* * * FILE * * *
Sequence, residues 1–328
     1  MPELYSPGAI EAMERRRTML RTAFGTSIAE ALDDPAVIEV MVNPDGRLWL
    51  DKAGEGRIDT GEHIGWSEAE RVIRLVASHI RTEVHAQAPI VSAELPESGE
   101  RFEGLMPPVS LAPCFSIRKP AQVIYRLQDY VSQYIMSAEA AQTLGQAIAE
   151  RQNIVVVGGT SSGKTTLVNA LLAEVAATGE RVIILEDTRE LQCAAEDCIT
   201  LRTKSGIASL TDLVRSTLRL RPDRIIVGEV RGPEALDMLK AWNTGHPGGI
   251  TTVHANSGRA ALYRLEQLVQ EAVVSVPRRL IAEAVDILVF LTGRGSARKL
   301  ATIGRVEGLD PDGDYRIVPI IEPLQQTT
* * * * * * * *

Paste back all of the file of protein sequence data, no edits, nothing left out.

Sequence, residues 1–328
     1  MPELYSPGAI EAMERRRTML RTAFGTSIAE ALDDPAVIEV MVNPDGRLWL
    51  DKAGEGRIDT GEHIGWSEAE RVIRLVASHI RTEVHAQAPI VSAELPESGE
   101  RFEGLMPPVS LAPCFSIRKP AQVIYRLQDY VSQYIMSAEA AQTLGQAIAE
   151  RQNIVVVGGT SSGKTTLVNA LLAEVAATGE RVIILEDTRE LQCAAEDCIT
   201  LRTKSGIASL TDLVRSTLRL RPDRIIVGEV RGPEALDMLK AWNTGHPGGI
   251  TTVHANSGRA ALYRLEQLVQ EAVVSVPRRL IAEAVDILVF LTGRGSARKL
   301  ATIGRVEGLD PDGDYRIVPI IEPLQQTT